Book Title: Harry Potter & The Deathly Hallows
Author: JK Rowling
Category: fiction: fantasy
“Catch you on the flip side.” – A friend to me, the day before the release of Deathly Hallows.
It took me a long time to sit down and write about Deathly Hallows – it’s been how many weeks since my last post? But I still feel too close to it.
For me the Harry Potter and the Deathly Hallows was not just a book, it was the closing of a chapter of my life. As I wore my Hogwarts Uniform to work that day, and then sat outside Bolen Books for 8 hours, waiting in line for a book we had been waiting for for ten years, everything was connected. The books I read, the friends I met, the trips I took. JK Rowling didn’t just give me a book series, she gave me friendships and experiences that will always be with me.
Opening Deathly Hallows, and reading the seven part dedication, the last part of which was us, if we “had stuck with Harry until the very end”, was emotional. We read, chapter by chapter, in my front room (turned into a pillow fort), stopping for cake, and tea, and emerging in the morning for coffee, retreating again for our vigil-like reading session. Deathly Hallows brought me to tears on several occasions, made me laugh, made me angry, and at last brought some sort of peace to the journey of Harry Potter.
Its the one book of the seven that I’ve re-read the least, it’s still too painful in parts. I often start reading, and have to put Deathly Hallows down just before Hedwig dies.
I often get too sad and have to take a break before the Battle of Hogwarts. And Chapter 34 reduces me to tears whenever I get that far.
But maybe this review is a bit too sappy. There are a lot of good things about Deathly Hallows, besides the sadness.Wonderful parts, happy parts, incredible parts.
I remember clearly the chills that ran down my spine as I read for the first time, quotes placed before the start of the first chapter – a technique that JK Rowling had never used before. Intense images of pain and war, and death. It made me wonder at what the pages would contain, and increased my worry for my favourite characters – people I felt I had come to know over the past decade.
There is the urgency of a war, the joy of people coming together, and the strength that Harry, Ron and Hermione all find. Intense emotion and intense action. I’m all wrapped up in memories surrounding the book itself.
I was at a Harry Potter Conference 2 weeks after the release of Deathly Hallows, when the book was still new to us, many of us only having read it once through. We had a party in the room that had been set up for informal mingling – and were repeatedly told to quieten down. Finally, at 2 am, one of the more well-known fans burst into the room and said simply; “The Ministry has fallen. Scrimgeour is dead. They are coming.” (133). We knew at once that we were blown, and we scattered throughout the lobby to our rooms as hotel staff walked purposely towards us. They weren’t quite Death Eaters, but at that moment, so close to the emotions of the release of the book, we ran from them, sure that we were the trio and we had to escape.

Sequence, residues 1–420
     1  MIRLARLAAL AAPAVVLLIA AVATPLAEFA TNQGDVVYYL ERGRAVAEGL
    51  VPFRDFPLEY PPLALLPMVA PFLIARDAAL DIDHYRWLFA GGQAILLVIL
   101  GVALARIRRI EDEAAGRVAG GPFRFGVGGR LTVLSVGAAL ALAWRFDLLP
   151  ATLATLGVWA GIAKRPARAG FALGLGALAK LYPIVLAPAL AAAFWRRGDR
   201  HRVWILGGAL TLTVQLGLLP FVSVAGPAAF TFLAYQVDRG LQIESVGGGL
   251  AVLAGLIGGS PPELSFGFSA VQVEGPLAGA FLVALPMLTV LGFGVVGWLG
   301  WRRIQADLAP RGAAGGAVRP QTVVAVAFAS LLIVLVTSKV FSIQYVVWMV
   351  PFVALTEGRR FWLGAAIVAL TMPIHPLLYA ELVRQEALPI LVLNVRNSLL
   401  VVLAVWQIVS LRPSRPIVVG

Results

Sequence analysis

While I cannot say I’ve been in war, or fought for something as important as what JKR’s characters are fighting for in the book, she includes moments that we can all identify with. There’s this passage,
“Harry found himself taking it out simply to star at Ginny’s name in the girls’ dormitory, wondering whether the intensity with which he gazed at it might break into her sleep, that she would somehow know he was thinking about her, hoping she was all right.” (256)
That I find particularly poignant. I’ve done this, we all have. There’s a saying I always remember, that at any given moment someone is thinking of us, and we don’t even know it. Friends I’ve grown apart from never truly leave my heart, and I think of them in passing, wishing them well. Friend’s who have had illnesses I often wish well whenever they come to mind, which is surely more often that they realize. The power and potential of thoughts and memories. Something to ponder on.
My absolute favourite passage from Deathly Hallows if after Ron returns, and they finally find the radio broadcast ‘Potterwatch’. This section includes some of the essential themes of the book, laid out for us in clear and illustrated terms.
“And what would you say, Royal, to those listeners who reply that in these dangerous times it should be “wizards first”?
“I’d say that it’s one short step from ‘wizards first’ to ‘pure-bloods first’ and then to ‘Death Eaters’…We’re all human aren’t we? Every human life is worth the same, and worth saving.”
…”Keep each other safe: keep faith.” (357-360)
Life is about keeping each other safe, and living by our beliefs, standing up against evil and protecting each other. JK Rowling helped me learn that.